New Delhi, Feb. 7: To anyone who has ever travelled long haul accompanied by continuous screaming from the child in front, there will be only one question: why did they make it so cheap?
For a premium of less than £25 (Rs 2,000 approx.), passengers flying on a budget airline are being offered soft lighting and something euphemistically described as “peace of mind”.
Specifically, this is the peace of mind of knowing that none of their immediate neighbours is under the age of 12.
AirAsia’s tagline is: “Now Everyone Can Fly.”
But while they might be able to fly, that does not mean they will all fly together any more.
Tony Fernandes, the Malaysian entrepreneur who owns the carrier, has beaten Ryanair’s owner Michael ’Leary to a moneymaking opportunity by realising that people will pay good money for cabin service that comes with neither continuous crying nor having the back of one’s seat pummelled by a seven-year-old’s legs.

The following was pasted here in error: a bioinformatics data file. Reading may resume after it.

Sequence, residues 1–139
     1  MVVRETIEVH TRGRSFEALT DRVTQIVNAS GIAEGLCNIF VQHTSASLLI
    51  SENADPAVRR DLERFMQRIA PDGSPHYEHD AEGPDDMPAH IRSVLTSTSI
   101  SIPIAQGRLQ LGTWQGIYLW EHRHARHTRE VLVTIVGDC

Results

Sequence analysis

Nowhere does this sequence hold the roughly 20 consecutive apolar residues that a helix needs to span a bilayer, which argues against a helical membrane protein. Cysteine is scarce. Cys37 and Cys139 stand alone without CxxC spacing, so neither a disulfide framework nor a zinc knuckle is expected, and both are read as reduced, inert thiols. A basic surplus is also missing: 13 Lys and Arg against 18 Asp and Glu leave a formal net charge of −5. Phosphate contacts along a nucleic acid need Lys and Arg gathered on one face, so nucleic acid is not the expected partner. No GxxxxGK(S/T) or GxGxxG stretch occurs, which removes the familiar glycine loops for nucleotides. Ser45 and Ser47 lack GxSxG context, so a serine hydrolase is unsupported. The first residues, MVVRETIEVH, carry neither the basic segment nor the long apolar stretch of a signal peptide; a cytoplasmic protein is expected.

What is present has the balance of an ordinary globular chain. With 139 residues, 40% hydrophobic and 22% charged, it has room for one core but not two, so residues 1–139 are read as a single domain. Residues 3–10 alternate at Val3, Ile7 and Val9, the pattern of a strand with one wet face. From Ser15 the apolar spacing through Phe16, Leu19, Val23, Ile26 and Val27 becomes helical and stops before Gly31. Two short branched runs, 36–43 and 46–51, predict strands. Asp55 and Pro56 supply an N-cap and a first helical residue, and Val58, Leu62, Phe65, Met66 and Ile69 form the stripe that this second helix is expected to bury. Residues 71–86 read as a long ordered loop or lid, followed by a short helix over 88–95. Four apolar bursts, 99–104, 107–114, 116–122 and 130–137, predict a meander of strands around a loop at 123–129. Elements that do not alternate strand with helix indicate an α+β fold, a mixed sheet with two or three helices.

Starting last week, the first seven rows in the economy cabin of AirAsia’s flights from Kuala Lumpur to destinations in Australia, China, Japan and elsewhere have been designated “quiet zones — strictly off-limits to children under the age of 12”.
The airline says that rows 7 to 14 on its fleet of Airbus 330s, separated from the rest of economy by a set of lavatories and a curtain, now offer a “more relaxing cabin atmosphere” for those willing to fork out a fee of between 35 and 100 Malaysian Ringgit (£8-22).
British Airways has said that it has no plans to follow suit, and a spokesperson for TripAdvisor said that it remained to be seen whether other airlines would add “child-free” to the menu of paid-for options.
“It’s interesting to see that an airline has now put the proposed initiative of child-free zones into action,” said Emma Shaw, whose firm carried out a survey last year that suggested a third of Britons would pay extra to get away from travelling children.
But some may be disappointed to learn that the demographic probably most keen to take advantage of AirAsia’s offer has been barred from doing so. The company has made it clear that the option of checking into the “quiet zone” is not available to any parents travelling with children.